The number of international students enrolled at U.S. colleges and universities grew to just above 1 million students last year, representing the largest year-over-year increase in more than four decades.
Latine students were more likely than their peers to report struggling to stay in college, according to a new study by the Lumina Foundation and Gallup.
A new report shows that overall undergraduate enrollment at U.S. colleges and universities increased this fall for the first time since the beginning of the COVID-19 pandemic, despite declines in first-year enrollment.
Students from rural communities face multiple barriers to higher education, including long commutes, financial strain, and a lack of academic support. New programs are finding ways to shrink those obstacles.
Following a successful pilot year, the Ohio College Comeback Compact is drawing national attention for its collaborative approach to re-enrolling students who have “stranded credits”—academic credits they have earned but cannot access due to an unpaid balance.
After the Supreme Court decision ending race-conscious affirmative action, Historically Black Colleges and Universities are expecting an ongoing influx of applications.
The New York Times has released data on trends in the enrollment of low-income students at top colleges across the country. While some selective colleges and universities have enrolled more economically disadvantaged students, others are backsliding.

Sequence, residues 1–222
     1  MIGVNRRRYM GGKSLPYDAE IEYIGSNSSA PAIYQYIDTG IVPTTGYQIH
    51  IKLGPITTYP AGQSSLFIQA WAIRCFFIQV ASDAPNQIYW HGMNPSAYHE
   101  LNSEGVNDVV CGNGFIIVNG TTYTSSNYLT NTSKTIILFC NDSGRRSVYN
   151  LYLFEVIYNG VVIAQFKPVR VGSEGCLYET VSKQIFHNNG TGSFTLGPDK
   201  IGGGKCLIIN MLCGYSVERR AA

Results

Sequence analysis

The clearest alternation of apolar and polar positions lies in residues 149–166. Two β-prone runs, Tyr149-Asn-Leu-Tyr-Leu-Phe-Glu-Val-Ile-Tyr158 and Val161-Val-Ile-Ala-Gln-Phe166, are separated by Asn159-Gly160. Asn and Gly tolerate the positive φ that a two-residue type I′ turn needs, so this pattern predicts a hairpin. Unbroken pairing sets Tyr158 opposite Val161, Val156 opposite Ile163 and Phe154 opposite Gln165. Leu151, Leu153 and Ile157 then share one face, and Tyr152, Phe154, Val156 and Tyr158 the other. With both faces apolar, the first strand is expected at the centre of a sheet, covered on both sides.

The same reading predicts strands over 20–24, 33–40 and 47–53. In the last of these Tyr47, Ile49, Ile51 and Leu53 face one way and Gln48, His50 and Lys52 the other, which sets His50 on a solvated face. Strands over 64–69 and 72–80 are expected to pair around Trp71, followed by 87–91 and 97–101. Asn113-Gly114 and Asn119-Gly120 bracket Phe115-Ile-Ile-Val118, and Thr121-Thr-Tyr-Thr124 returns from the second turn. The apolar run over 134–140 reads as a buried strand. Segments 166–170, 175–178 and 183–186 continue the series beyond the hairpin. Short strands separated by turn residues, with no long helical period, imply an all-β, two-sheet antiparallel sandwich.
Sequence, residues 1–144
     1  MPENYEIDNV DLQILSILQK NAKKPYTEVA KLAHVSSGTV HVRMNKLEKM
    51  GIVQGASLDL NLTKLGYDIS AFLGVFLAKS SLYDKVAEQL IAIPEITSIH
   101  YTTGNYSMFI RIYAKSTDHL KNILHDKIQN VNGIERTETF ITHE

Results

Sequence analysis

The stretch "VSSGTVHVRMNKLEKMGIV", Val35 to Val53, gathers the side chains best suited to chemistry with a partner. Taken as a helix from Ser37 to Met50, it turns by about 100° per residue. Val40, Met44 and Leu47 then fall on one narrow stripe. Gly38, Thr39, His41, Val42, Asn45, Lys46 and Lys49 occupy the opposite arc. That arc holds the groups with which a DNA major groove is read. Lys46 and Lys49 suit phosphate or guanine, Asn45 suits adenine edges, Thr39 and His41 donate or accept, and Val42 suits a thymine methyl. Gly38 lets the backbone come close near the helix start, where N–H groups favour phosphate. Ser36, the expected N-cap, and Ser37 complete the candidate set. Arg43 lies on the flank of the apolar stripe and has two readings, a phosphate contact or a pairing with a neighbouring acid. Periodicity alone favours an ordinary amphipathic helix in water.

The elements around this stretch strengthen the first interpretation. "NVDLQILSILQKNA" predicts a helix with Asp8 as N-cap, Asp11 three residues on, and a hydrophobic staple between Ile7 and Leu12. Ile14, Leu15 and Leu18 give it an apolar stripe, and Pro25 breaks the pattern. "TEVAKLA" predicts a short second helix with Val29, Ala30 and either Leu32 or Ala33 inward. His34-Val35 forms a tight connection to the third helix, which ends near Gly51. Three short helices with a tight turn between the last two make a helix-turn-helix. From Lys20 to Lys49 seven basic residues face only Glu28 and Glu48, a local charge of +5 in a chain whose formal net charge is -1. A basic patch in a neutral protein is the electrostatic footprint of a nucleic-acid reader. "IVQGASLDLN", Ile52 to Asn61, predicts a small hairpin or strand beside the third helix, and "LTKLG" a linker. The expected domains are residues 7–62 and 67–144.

The Supreme Court’s decision to end affirmative action at U.S. colleges and universities has sparked widespread discussion about the likely fallout and who will be most affected.
Although nearly three-quarters of students in the high school Class of 2023 said they wanted to go to college, only two-thirds said they expected to enroll. New reports explore the financial, mental health, and academic concerns driving this mismatch.
“The transfer application process reflects the inequitable state of higher education,” says a new report from the Common App that provides one of the first nationwide datasets on transfer applications to U.S. colleges and universities.
The population of postsecondary students who left school without a degree or credential has grown, and fewer of them are returning to college.
U.S. colleges and universities are offering ever-greater discounts to make their institutions more affordable and attractive as they compete for students who are increasingly concerned about the value of a college education.